"It would be incorrect in every sense to say that so near the end of his life he had lost his faith, when in fact God seemed more abundant to him in the Regina Cleri home than any place he had been before.  God was in the folds of his bathrobe, the ache of his knees.  God saturated the hallways in the form of a pale electrical light.  But now that his heart had become so shiftless and unreliable, now that he should be sensing the afterlife like a sweet scent drifting in from the garden, he had started to wonder if there was in fact no afterlife at all.  Look at all these true believers who wanted only to live, look at himself, clinging onto this life like a squirrel scrambling up the icy pitch of a roof.  In suggesting that there may be nothing ahead of them, he in no way meant to diminish the future; instead, Father Sullivan hoped to elevate the present to a state of the divine.  It seemed from this moment of repose that God may well have been life itself.  God may have been the baseball games, the beautiful cigarette he smoked alone after checking to see that all the bats had been put back behind the closet door.  God could have been the masses in which he told people how best to prepare for the glorious life everlasting, the one they couldn't see as opposed to the one they were living at that exact moment in the pews of the church hall, washed over in the stained glass light.  How wrongheaded it seemed now to think that the thrill of heartbeat and breath were just a stepping stone to something greater.  What could be greater than the armchair, the window, the snow?  Life itself had been holy.  We had been brought forth from nothing to see the face of God and in his life Father Sullivan had seen it miraculously for eighty-eight years.  Why couldn't it stand to reason that this had been the whole of existence and now he would retreat back to the nothingness he had come from in order to let someone else have their turn at the view?  This was not the workings of disbelief.  It was instead a final, joyful realization of all he had been given.  It would be possible to overlook just about anything if you were trained to constantly strain forward to see the power and the glory that was waiting up ahead.  What a shame it would have been to miss God while waiting for Him."
-from Run, by Ann Patchett

Thank you, Ann Patchett, for saying so many things that I believe, so much better than I could ever have said them myself.  The bold print is my emphasis, to help me remember what God looks like to me, when it gets fuzzy, as it does sometimes.  It's not that I believe or disbelieve any certain story of God; it's that the question seems irrelevant in light of the daily details, where God always is.  I love stories, and I love questions, and I love pondering, but when it comes to God: they seem beside the point somehow.  I only want to slow down, to notice, to celebrate.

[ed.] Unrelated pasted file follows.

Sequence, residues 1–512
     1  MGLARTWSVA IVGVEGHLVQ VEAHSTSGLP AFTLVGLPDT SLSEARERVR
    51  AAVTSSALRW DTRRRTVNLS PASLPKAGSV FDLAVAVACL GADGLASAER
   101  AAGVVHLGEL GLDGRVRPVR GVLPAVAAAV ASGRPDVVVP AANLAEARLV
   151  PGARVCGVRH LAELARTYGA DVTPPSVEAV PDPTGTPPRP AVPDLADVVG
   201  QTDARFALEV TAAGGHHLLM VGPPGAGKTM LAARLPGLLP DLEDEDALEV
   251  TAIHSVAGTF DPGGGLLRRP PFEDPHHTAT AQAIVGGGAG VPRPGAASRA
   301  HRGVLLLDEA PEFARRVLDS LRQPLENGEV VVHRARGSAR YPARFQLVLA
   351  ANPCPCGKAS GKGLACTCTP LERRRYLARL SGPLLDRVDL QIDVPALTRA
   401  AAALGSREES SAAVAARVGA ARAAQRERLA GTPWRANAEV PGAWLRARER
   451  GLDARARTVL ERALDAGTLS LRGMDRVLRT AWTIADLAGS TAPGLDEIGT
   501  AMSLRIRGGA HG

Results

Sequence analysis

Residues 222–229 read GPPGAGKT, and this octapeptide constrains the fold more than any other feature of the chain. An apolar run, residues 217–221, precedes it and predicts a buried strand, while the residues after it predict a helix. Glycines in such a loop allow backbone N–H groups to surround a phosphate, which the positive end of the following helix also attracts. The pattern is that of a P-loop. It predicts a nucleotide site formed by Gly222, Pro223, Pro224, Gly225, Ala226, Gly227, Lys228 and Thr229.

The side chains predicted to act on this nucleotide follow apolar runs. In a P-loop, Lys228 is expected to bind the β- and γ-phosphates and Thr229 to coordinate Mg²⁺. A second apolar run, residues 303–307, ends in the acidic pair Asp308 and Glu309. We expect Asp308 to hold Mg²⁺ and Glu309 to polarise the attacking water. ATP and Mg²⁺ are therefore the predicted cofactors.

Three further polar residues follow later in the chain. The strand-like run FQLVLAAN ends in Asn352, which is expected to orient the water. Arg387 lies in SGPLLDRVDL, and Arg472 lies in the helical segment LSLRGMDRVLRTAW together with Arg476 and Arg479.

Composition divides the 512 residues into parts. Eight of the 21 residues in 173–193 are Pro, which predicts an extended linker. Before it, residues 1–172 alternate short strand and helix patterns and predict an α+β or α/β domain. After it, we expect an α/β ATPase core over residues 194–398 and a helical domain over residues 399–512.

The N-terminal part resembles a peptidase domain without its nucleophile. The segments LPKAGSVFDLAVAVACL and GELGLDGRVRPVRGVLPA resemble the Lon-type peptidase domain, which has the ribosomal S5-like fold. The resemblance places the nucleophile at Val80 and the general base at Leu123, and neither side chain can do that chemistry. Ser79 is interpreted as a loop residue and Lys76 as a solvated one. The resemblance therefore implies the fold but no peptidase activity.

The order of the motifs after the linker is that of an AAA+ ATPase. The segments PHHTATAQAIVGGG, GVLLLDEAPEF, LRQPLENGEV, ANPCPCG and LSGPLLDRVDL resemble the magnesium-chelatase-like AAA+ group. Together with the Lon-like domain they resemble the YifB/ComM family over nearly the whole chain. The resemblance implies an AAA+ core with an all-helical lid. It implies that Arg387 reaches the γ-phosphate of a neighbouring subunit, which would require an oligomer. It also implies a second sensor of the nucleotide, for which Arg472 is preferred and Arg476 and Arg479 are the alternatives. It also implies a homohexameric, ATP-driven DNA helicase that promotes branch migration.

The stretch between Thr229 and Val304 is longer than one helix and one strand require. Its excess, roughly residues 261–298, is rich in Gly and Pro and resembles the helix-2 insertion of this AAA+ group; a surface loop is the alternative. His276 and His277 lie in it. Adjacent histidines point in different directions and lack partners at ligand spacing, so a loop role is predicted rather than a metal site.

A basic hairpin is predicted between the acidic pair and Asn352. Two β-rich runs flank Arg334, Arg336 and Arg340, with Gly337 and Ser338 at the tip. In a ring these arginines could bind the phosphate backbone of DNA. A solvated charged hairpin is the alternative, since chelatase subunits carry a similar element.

Tonight, God came in the voice of a dying Catholic priest in a novel discovered in a borrowed Kelty backpack.  Of course, I'm pretty sure it was originally a gift from my mother.  Aren't all things, ultimately, originally gifts from our mothers?  Now how to share this gift with my children?  If we don't go to church, or belong to any kind of faith community, how do I teach them reverence for life?  How do I help them discover God in the details?  This, much more than what precisely I believe, is the question of my faith.  See, I simply don't care very much what, precisely, I believe.  All I need to believe is that God is Love.  That's more than enough.  But how to teach it?  And how to celebrate it regularly without the structure of a church or fellowship?

My son is almost two.  My daughter next one is on her the way.  I want to at least begin, but when I think about how, I flounder.  And so perhaps I will pray.

Tuesday, July 6, 2010

Hot As Hades

I heard it was over 100 degrees today, with the heat index.  I didn't bother to seek evidence proving or disproving this hearsay.  I don't need to be a weatherman to know which way the wind blows. 

No, I don't need no steenkin' thermometer.  I have my inner thighs.  And they told me, loud and clear, that it was a bazillion degrees today, with a bazillion percent humidity.  Either that or they're opening a small business, manufacturing and selling sweat by the gallon.  I'm not sure how the market for gallons of sweat is looking in light of the current economic crisis, but it seems churlish not to let them try, especially after such an enterprising start early this morning, and lasting all day long.

I'm hotter'n a cat on a hot tin roof.

An egg frying on an inner city pavement.

A lipstick on the dashboard of a car parked in the desert sun.